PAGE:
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John Brennan and the Bin Laden Files

Mar 11, 2013, Vol. 18, No. 25 • By THOMAS JOSCELYN
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“The documents and files found in Abbottabad showed a close connection between bin Laden and Saeed, right up to May 2011,” Riedel told the Hindustan Times. And that’s not all. Riedel said that the recovered intelligence “suggested a much larger direct al Qaeda role in the planning of the Mumbai attacks than many assumed.”   

This is a bombshell. It changes the public understanding of how al Qaeda operates both inside and out of Pakistan. The Hindustan Times reported Riedel’s comments on April 4, 2012. Yet less than one month later, there was no sign of the Mumbai connection in what the administration released to the public.

The story of bin Laden’s documents is not merely a historical curiosity. The files have a direct bearing on the future of America’s counterterrorism strategy. 

This brings us back to John Brennan, the man President Obama would have lead the CIA. It was Brennan who announced, during his Wilson Center speech last April, the pending release of the 17 bin Laden documents. It was in that same speech that he reiterated President Obama’s promise of more transparency. 

The linchpin of Brennan’s approach to fighting al Qaeda is the use of pinprick drone strikes and special operations raids to take out select al Qaeda members who are thought to threaten the American homeland. Brennan and his fellow administration officials certainly know that al Qaeda’s affiliates are growing in places like Syria, where upwards of 10,000 al Qaeda fighters are on the ground today. But they want to define the threat in such a way that a more robust American military response is not necessary.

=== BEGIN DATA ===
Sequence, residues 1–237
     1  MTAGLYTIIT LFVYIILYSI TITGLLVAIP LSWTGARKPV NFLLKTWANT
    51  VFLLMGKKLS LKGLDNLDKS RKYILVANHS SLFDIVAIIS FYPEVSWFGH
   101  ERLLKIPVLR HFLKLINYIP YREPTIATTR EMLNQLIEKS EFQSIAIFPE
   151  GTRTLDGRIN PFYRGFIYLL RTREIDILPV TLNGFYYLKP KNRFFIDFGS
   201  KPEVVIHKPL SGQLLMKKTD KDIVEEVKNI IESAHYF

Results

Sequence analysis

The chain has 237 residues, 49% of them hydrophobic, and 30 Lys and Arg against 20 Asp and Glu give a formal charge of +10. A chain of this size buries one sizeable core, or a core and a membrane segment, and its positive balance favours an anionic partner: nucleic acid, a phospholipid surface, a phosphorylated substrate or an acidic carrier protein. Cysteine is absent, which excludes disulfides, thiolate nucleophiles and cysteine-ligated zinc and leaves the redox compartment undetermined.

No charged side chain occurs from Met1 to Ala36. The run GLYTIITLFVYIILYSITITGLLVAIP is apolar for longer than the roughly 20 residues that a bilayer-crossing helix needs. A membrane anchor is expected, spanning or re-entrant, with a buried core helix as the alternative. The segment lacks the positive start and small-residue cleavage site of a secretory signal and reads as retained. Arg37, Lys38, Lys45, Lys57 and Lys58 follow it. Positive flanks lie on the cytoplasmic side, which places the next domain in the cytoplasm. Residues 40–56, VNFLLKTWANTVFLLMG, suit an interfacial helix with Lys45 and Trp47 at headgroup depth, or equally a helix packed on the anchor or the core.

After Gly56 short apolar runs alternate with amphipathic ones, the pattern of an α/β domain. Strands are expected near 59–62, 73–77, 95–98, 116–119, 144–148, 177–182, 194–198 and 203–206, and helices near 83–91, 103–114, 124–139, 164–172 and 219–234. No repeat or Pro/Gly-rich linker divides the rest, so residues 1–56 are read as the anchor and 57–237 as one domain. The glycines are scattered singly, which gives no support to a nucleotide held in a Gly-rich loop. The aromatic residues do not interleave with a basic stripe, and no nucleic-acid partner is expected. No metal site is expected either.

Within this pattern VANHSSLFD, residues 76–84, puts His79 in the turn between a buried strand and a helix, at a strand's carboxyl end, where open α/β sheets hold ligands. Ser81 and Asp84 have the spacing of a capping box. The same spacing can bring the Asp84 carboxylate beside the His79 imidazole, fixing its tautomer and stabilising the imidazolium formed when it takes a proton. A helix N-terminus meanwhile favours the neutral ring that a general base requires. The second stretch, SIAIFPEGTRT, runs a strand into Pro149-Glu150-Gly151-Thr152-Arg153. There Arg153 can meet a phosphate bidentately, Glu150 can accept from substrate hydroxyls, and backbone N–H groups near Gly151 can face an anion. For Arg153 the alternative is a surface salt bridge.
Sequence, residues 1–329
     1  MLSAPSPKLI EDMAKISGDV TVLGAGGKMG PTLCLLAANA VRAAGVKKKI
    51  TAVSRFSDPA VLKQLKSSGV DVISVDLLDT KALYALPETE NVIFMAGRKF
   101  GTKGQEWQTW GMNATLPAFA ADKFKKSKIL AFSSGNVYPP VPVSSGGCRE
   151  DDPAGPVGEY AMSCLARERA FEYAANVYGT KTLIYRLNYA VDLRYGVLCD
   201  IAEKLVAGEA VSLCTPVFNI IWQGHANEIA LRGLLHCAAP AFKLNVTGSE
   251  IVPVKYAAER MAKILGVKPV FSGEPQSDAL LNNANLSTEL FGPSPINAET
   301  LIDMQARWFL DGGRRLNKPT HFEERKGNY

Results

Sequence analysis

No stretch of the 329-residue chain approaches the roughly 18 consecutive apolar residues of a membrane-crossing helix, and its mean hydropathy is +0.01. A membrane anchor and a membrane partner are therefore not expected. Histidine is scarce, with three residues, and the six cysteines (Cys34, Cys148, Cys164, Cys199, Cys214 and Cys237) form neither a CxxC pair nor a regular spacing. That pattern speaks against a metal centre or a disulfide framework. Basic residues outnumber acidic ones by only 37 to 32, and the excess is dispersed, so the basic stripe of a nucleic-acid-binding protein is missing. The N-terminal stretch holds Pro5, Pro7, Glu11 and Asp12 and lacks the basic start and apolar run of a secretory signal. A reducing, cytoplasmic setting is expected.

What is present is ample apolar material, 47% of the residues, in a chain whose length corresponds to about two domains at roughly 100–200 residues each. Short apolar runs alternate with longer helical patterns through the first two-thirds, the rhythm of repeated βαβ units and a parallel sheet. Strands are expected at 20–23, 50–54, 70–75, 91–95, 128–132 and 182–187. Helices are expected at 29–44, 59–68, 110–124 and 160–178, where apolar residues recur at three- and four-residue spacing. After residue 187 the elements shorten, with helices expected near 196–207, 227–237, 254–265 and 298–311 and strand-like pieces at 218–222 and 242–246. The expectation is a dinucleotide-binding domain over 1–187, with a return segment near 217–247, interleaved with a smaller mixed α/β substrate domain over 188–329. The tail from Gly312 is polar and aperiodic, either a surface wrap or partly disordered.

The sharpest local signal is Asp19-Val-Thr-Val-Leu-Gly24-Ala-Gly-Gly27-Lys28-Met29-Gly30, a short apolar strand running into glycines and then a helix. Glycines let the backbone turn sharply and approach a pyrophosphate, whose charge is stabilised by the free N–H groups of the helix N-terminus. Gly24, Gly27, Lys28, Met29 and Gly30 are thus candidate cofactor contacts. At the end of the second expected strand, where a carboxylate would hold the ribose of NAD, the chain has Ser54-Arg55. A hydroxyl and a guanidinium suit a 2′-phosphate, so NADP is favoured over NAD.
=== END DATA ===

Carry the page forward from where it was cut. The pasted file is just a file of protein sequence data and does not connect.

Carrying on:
Brennan portrays al Qaeda’s South Asian “core”—itself imprecisely defined—as a threat distinct from al Qaeda’s affiliates. Coincidentally, this is what the administration-approved assessment of the 17 documents suggested. Others should carry out most of the fighting against the affiliates, the administration believes. Only certain al Qaeda-affiliated terrorists should feel the wrath of American drones. 

But if al Qaeda lives on as an extended network, with Ayman al Zawahiri at its helm, then the picture becomes far more complex. Drones cannot contain the growing threat from al Qaeda in places like Syria. Similarly, it took French military forces to stem al Qaeda’s advances in Mali. The administration and its surrogates would have us believe that these are all discrete problems, and America can mainly “lead from behind.”

It is for that reason, among others, that the American public deserves to see bin Laden’s files. To use Brennan’s own words, let the American people “make informed judgments” about the Obama administration’s counterterrorism strategy. Let them see bin Laden’s files.


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